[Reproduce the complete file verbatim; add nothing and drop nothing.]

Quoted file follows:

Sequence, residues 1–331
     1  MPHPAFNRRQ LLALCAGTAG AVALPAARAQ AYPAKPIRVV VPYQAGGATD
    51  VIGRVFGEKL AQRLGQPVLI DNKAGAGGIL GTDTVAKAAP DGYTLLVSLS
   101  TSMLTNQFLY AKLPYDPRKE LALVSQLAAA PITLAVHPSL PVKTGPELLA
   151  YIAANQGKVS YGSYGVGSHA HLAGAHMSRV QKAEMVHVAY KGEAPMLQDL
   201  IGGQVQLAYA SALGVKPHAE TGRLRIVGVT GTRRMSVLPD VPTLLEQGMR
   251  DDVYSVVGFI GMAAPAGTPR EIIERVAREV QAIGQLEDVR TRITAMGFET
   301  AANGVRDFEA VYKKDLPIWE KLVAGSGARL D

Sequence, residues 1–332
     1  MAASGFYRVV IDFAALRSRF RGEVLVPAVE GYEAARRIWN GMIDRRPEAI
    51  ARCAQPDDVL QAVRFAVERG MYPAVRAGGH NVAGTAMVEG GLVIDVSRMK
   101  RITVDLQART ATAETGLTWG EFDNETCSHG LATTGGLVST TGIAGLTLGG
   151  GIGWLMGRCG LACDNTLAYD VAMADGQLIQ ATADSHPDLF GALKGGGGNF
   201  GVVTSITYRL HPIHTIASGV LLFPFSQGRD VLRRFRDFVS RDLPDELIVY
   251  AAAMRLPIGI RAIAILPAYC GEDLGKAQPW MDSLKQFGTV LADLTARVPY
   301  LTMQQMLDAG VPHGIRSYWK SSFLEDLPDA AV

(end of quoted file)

Sequence, residues 1–331
     1  MPHPAFNRRQ LLALCAGTAG AVALPAARAQ AYPAKPIRVV VPYQAGGATD
    51  VIGRVFGEKL AQRLGQPVLI DNKAGAGGIL GTDTVAKAAP DGYTLLVSLS
   101  TSMLTNQFLY AKLPYDPRKE LALVSQLAAA PITLAVHPSL PVKTGPELLA
   151  YIAANQGKVS YGSYGVGSHA HLAGAHMSRV QKAEMVHVAY KGEAPMLQDL
   201  IGGQVQLAYA SALGVKPHAE TGRLRIVGVT GTRRMSVLPD VPTLLEQGMR
   251  DDVYSVVGFI GMAAPAGTPR EIIERVAREV QAIGQLEDVR TRITAMGFET
   301  AANGVRDFEA VYKKDLPIWE KLVAGSGARL D

Sequence, residues 1–332
     1  MAASGFYRVV IDFAALRSRF RGEVLVPAVE GYEAARRIWN GMIDRRPEAI
    51  ARCAQPDDVL QAVRFAVERG MYPAVRAGGH NVAGTAMVEG GLVIDVSRMK
   101  RITVDLQART ATAETGLTWG EFDNETCSHG LATTGGLVST TGIAGLTLGG
   151  GIGWLMGRCG LACDNTLAYD VAMADGQLIQ ATADSHPDLF GALKGGGGNF
   201  GVVTSITYRL HPIHTIASGV LLFPFSQGRD VLRRFRDFVS RDLPDELIVY
   251  AAAMRLPIGI RAIAILPAYC GEDLGKAQPW MDSLKQFGTV LADLTARVPY
   301  LTMQQMLDAG VPHGIRSYWK SSFLEDLPDA AV